“He is a man who, day by day, wondered what the Gospel called him to do”, explains Father Cédric Burgun, former president of the Saint-Benoît Institute, at the initiative of the cause of canonization. The priest recalls that by recognizing Robert Schuman as venerable, it is not a question for the Church of “To say that all his political choices were the right ones”, but rather to recognize the way in which he sought to live out his choices. Like this retreat during which Robert Schuman meditates on Christ’s encouragement to forgive his enemies. We are still a long way from May 9, 1950. “But he then considers that this request for reconciliation does not apply only to individuals, but also to countries”, underlines Father Cédric Burgun.
Because more deeply, this recognition of the heroic virtues of a layman engaged in the political field, through a party, is not insignificant for the Vatican. Canonizations of politicians are indeed extremely rare, all the more so among contemporary figures. Admittedly, Thomas More and Louis IX king of France were both recognized saints, but much longer after their deaths.
In the process, Rome was particularly cautious, thus following the indications given by John Paul II during a meeting with a French bishop, to whom he had confided that the beatifications of political leaders were particularly sensitive for the Catholic Church.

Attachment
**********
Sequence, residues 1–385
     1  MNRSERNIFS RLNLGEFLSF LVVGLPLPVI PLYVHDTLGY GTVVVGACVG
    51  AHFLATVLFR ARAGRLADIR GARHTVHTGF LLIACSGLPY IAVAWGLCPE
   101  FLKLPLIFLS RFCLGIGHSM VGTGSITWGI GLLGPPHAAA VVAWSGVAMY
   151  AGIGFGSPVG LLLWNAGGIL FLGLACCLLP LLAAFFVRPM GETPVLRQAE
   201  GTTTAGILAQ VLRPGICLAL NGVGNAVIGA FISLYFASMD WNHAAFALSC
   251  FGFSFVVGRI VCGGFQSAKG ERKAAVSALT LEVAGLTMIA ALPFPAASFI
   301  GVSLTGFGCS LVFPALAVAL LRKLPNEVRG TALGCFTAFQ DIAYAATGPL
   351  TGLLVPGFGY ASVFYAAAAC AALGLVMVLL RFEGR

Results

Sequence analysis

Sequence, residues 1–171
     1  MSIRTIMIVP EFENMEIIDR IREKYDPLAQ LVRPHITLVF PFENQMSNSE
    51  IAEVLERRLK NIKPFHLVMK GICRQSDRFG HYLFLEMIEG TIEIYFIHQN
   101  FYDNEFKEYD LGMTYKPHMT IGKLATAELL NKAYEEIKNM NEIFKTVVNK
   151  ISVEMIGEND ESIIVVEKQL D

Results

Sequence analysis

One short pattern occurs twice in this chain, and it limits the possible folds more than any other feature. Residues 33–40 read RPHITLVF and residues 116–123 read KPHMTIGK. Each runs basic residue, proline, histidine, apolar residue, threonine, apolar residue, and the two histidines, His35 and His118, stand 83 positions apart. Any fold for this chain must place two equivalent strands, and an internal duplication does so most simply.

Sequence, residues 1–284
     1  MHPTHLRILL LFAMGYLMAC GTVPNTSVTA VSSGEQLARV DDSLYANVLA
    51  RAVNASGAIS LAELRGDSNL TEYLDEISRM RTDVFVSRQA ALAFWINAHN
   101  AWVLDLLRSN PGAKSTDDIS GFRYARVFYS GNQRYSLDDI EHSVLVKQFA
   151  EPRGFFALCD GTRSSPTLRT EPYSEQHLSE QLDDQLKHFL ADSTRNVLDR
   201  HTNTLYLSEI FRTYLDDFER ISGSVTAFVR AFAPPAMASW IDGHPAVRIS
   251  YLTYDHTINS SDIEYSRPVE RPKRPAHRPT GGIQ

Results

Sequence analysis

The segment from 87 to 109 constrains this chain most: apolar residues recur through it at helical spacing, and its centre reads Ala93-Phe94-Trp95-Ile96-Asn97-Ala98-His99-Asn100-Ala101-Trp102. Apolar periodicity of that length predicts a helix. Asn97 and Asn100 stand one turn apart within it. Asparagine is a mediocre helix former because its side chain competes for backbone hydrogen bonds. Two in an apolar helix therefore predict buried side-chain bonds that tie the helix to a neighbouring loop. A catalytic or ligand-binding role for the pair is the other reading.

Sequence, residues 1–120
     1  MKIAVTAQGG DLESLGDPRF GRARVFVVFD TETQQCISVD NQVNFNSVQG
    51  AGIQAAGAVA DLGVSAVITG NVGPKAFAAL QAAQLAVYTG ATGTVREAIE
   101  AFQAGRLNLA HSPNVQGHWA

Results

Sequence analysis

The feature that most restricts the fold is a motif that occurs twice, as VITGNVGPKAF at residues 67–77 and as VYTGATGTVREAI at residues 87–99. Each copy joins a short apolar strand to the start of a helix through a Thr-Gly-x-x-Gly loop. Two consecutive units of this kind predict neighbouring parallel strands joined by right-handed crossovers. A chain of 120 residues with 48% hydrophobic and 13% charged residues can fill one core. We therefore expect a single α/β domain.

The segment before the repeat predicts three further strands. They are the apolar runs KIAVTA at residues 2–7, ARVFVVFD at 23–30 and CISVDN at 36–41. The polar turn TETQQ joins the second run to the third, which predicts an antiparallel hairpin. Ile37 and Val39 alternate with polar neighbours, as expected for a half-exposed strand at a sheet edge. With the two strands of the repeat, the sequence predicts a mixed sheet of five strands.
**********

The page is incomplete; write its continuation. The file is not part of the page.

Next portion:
“The resemblance with the image of God is made through the practice of virtues”, explains Bishop Bernard Ardura, president of the Pontifical Committee for Historical Sciences. “The only difficulty with the cause is that he did not write any homilies or spiritual books. “ It was therefore necessary to go through the reports of the National Assembly and the UN, where the speeches of the one who was deputy, minister and president of the Council are scrupulously recorded.
“He fulfilled his vocation as a man and a Christian through the service of the common good, continues Bishop Bernard Ardura. And political action is, in this sense, seen as the summit of the action of charity. “ Who pursues: “It is also a way of showing that politics is a way of holiness. “
By recognizing Robert Schuman as venerable, it is not for Rome to value partisan commitments, but rather the very fact of engaging in politics on the part of a man whose ideal was to reconcile the enemies of his time. . “At the antipodes of Schuman, there is the politician who has no conviction and only acts to be reelected”, underlines Bishop Bernard Ardura.
It is precisely in the political aspect that lies the limit of Robert Schuman’s cause. Because the author of the May 9 declaration is seen today more as a politician than a spiritual figure. But to move forward again, and become blessed or holy, a miracle must be attributed to his intercession. A “Sign of God” obligatory in the eyes of Rome for the venerable Robert Schuman to become blessed and then holy.
“His reputation for holiness is yet to be developed”, admits Father Cédric Burgun, who “Never go to Metz without going to his grave to confide his intentions”.“There is much to do, through conferences, publications, times of prayer, he continues. We have to explain who he is. “